Origin of recurrent
Examples from the Web for recurrent
Every protagonist in previous Johnson films have been orphans, or their parents were nonexistent, a recurrent theme in Star Wars.‘Star Wars’ Director Rian Johnson May Bring Balance to the Force|Rich Goldstein|June 21, 2014|DAILY BEAST
Halpern prescribes the medi-meth for patients who get recurrent urinary-tract infections—a side effect from Adderall or Ritalin.
Tymoshenko has suffered from recurrent medical problems and appeared in Kiev in a wheelchair.Ukraine's President Flees Kiev, Tymoshenko Is Free at Last|Will Cathcart|February 22, 2014|DAILY BEAST
Side effects may include recession, job contraction, 401(k) bruising, recurrent Dow fluctuation, and IRA bleeding.Up to a Point: PJ O’Rourke on Sochi and Senate Slackers|P. J. O’Rourke|February 7, 2014|DAILY BEAST
Our political life seems to have a recurrent pattern that, perhaps not surprisingly, mirrors so much of our non-political life.Presidents Never Can Seem to Learn to Stop Overreaching|Stuart Stevens|November 25, 2013|DAILY BEAST
The ever recurrent fever of expectancy assailed Martin as he took the bundle of long envelopes.Martin Eden|Jack London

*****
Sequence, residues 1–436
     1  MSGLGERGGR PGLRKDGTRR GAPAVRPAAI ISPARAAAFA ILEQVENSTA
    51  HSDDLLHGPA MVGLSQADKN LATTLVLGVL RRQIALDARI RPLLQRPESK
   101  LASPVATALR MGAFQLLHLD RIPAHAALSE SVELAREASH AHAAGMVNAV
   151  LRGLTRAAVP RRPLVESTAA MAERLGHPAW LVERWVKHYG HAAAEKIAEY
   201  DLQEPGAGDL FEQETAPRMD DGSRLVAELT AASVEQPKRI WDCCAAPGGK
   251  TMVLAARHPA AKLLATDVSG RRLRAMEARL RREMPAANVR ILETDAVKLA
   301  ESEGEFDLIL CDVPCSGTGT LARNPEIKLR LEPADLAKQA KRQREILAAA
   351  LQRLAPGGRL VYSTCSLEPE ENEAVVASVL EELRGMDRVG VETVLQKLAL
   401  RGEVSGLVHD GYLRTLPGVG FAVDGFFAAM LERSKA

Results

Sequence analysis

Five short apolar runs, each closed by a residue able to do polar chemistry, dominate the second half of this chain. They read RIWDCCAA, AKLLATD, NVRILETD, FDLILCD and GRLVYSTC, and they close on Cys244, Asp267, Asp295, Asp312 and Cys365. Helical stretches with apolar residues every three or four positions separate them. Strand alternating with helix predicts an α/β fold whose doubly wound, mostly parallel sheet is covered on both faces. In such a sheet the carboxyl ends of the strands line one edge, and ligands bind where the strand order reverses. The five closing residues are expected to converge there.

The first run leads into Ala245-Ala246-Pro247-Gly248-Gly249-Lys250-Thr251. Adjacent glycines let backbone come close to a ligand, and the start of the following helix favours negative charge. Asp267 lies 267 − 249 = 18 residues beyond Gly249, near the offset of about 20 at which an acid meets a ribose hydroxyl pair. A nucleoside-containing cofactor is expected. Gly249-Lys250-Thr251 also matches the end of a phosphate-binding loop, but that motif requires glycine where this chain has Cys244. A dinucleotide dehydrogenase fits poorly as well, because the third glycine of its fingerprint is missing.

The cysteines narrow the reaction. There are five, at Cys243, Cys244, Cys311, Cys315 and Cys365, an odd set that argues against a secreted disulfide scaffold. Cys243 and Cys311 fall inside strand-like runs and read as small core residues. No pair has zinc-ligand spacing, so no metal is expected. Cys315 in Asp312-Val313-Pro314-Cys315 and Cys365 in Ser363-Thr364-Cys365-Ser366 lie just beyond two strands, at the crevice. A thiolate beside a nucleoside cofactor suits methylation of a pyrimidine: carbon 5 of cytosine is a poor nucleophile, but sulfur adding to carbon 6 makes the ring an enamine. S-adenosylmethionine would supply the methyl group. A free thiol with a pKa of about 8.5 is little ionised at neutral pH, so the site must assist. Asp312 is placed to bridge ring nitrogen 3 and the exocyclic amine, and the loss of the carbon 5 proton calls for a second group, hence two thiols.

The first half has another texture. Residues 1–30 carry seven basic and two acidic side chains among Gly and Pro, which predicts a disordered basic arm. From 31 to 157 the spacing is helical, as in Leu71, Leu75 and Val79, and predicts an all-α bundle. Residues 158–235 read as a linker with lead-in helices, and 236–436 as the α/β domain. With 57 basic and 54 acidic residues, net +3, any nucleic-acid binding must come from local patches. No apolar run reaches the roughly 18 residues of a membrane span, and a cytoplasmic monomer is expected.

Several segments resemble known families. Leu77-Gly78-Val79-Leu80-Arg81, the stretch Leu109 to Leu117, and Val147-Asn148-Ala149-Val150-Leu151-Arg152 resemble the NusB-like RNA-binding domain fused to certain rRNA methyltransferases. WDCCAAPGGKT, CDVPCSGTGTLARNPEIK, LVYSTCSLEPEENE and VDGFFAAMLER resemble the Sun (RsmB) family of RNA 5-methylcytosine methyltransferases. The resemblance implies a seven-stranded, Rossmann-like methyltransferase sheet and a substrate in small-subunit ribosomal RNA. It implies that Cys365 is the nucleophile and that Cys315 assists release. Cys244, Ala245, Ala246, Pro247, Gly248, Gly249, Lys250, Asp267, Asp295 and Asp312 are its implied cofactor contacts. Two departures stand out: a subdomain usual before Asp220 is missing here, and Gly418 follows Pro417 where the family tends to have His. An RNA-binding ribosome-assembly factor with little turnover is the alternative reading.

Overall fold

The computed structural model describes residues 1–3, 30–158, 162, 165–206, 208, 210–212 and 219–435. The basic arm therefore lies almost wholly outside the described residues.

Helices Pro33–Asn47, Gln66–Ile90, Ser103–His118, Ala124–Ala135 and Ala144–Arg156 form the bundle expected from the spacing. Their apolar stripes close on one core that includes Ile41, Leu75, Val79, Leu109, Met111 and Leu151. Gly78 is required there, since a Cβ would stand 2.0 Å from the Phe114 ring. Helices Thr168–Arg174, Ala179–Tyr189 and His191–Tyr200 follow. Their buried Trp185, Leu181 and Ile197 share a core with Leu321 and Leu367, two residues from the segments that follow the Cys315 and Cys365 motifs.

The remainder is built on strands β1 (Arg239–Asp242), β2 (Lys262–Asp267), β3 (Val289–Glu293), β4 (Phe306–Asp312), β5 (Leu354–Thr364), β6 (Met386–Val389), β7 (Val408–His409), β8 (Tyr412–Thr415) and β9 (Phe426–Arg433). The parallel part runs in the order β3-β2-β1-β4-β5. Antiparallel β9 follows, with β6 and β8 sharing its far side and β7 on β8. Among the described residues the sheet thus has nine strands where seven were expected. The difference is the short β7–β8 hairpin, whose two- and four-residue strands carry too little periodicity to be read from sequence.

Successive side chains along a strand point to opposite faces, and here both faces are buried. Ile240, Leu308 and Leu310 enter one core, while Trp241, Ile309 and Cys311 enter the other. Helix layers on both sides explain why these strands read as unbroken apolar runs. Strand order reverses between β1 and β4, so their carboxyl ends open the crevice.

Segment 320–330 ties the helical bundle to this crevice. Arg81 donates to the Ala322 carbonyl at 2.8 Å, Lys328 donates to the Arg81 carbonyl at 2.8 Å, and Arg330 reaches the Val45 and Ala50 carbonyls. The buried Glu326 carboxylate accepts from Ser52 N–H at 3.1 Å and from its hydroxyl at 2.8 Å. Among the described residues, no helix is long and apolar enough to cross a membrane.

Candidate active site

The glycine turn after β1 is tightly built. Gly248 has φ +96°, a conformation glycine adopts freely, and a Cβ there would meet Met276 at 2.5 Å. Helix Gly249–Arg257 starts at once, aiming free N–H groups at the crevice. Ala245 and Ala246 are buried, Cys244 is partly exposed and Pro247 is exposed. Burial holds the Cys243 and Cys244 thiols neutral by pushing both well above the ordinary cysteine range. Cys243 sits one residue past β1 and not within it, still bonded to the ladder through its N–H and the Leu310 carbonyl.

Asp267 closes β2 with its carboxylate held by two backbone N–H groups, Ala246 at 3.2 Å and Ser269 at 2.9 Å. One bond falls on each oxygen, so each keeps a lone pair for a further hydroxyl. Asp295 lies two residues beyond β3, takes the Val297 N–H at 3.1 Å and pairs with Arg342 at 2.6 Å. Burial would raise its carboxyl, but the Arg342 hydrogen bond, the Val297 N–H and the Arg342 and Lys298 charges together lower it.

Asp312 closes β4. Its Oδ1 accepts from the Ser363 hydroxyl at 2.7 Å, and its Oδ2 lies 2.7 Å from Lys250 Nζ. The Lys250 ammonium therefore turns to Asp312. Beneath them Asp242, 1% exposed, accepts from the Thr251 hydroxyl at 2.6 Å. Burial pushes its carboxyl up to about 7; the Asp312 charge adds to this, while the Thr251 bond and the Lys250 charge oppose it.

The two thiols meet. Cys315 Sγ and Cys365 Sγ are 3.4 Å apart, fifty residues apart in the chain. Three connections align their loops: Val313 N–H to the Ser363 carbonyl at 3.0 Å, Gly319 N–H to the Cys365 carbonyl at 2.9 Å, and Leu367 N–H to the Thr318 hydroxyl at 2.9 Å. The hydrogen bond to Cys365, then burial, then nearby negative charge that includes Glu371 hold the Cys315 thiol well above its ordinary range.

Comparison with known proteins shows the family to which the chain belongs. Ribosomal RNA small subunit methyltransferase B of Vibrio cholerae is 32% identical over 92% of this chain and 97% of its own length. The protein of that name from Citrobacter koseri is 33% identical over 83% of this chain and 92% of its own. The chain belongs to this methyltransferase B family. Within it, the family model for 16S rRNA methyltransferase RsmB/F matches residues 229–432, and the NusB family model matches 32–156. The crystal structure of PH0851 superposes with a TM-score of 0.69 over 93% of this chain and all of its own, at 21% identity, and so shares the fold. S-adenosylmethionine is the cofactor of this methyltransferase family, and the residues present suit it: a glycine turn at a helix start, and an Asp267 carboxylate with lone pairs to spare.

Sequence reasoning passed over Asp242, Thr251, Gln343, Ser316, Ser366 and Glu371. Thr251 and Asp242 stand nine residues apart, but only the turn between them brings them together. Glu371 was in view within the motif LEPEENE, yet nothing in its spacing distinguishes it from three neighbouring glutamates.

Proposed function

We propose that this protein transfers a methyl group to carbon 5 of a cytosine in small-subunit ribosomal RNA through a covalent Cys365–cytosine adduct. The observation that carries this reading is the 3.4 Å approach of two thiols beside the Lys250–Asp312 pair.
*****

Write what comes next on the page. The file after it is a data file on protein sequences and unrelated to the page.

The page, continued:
Accordingly, watchful attention must be given to all persistent and recurrent desires.Outlines of Educational Doctrine|John Frederick Herbart
But Grant was annoyed by these recurrent alarms, and his aggressive nature chafed at it.Military Reminiscences of the Civil War V2|Jacob Dolson Cox
"Recall not the past; we are strangers now," she said, with recurrent harshness.Ghetto Tragedies|Israel Zangwill
Has recurrent suspicions, without justification, regarding fidelity of spouse or sexual partner.After the Rain|Sam Vaknin
British Dictionary definitions for recurrent
Word Origin and History for recurrent
1610s, from Middle French recurrent (16c.) and directly from Latin recurrentem (nominative recurrens), present participle of recurrere "run back, hasten back, return" (see recur). From 1590s as a noun ("recurrent muscle").